Jeremy Johnson
customer experience leader

past-blog

It's 2007 what is your browser baseline?

It's 2007 what is your browser baseline? Recently a developer was going over the browser baselines for a project, they listed them as: IE 6.0, Mozilla 1.5, Netscape 8.0, Opera 9.02 and Safari 1.2. I saw this and thought WAH? Mozilla and Netscape? No IE 7? Safari 1.2? Opera? Let's take a look and see what should be the baselines for browsers in 2007.

First stop was to check out some global stats:

Browser Stats 1

Browser Stats 2

Looking at these two graphs, I think it's safe to limit the browser testing to IE 6, IE 7, IE 5 (still has more market-share then Safari) Firefox and Safari.

A couple of points:

  • Developers are sometimes slow to trends, I'm assuming this is why Netscape was still on the list and IE 7 was not.
  • IE 7 is a automatic update for Windows XP and comes standard with Vista, you need to test it.
  • Netscape is now just a re-branded browser (either IE or Firefox).
  • Firefox is the Mozilla browser.
  • Safari 1.3 and 2.0 are functionally the same, they were released at the same time with the same CSS fixes.
  • The next question I hear from developers is "Why not just develop for IE? Look at the marketshare?"

    Well let me tell you...

    1) You should be developing for a Web Standards compliant browser (Firefox) then "breaking" it for IE and other browsers. This is the current trend in modern web development, get on the train.

    2) Firefox now has a large enough browser share to matter.

    3) Mac users (although low in % for browser share) are a segment of the market you want to cater to. They are willing to pay a premium for better experiences, and a large number of them are part of the creative class, making them a very vocal part of the web (writers, producers, designers, bloggers, etc...). A group you don't want badmouthing your products.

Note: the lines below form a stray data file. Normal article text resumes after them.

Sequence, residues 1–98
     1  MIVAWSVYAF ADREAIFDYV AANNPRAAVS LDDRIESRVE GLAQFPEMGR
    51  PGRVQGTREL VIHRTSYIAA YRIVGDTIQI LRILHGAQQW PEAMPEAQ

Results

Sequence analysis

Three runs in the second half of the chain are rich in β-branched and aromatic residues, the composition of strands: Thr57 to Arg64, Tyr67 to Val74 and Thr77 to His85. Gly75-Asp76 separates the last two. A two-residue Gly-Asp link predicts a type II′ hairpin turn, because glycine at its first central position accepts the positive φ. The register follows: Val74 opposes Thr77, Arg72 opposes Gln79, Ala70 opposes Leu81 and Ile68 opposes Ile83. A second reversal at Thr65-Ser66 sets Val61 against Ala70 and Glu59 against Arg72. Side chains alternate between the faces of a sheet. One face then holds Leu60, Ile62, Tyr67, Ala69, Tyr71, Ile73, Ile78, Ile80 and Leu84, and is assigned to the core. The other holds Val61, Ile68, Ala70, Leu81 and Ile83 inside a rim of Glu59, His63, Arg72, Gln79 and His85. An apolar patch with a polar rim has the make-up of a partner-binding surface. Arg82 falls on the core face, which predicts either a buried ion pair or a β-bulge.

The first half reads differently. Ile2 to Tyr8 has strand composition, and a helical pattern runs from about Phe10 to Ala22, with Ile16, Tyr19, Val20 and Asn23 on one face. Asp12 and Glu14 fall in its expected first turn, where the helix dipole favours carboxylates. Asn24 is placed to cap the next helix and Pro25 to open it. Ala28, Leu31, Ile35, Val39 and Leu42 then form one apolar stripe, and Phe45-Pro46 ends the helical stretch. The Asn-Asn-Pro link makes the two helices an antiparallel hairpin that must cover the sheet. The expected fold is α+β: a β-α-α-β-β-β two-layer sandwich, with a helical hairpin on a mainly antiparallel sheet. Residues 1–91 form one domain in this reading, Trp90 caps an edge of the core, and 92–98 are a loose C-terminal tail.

4) Ok, but why Opera? Well Opera really has the most potential out of the lot. This is due to Opera's strong push to be included in embedded devices. I'll just take one of the many examples - the Nintendo Wii - it comes with the Opera browser built in, and there are now 4+ million Wiis out in the wild with more and more being sold every day (or how about the 300+ million Nintendo DSs with Opera?). Opera is even being included in some DVD players.

    So what should the browser stats be?

    Here is my idea for some general guidelines when browser testing:

    Browser Baselines for Modern Web Applications
    Browsers: Versions:
    Internet Explorer 7.x (100%) 6.x (100%) 5.5 (Functional Only)
    FireFox 2.x (100%) 1.5.x (85%)
    Safari 2.x.x (95%)
    Opera 9.x (80%)

    If you notice, I've included %s next to the version numbers. This tells the developer what percentage "correct" it needs to be from the supplied mock-ups. Where as it needs to look 100% in Firefox, it only needs to be functional in IE 5.5 and 95% in Safari.

    How do you judge 95% in Safari? This should be up to the designers, if a image is off 10px off or some text is a little larger then in Firefox, then that should be OK - but if the tabs are broken and text is hovering outside a div, that may not be OK - it's really up to the architect of the experience.

    I've attached a PDF to this post with some more information, something to pass on to your developers if you see they are testing for AOL 4.2 or something equally as awful.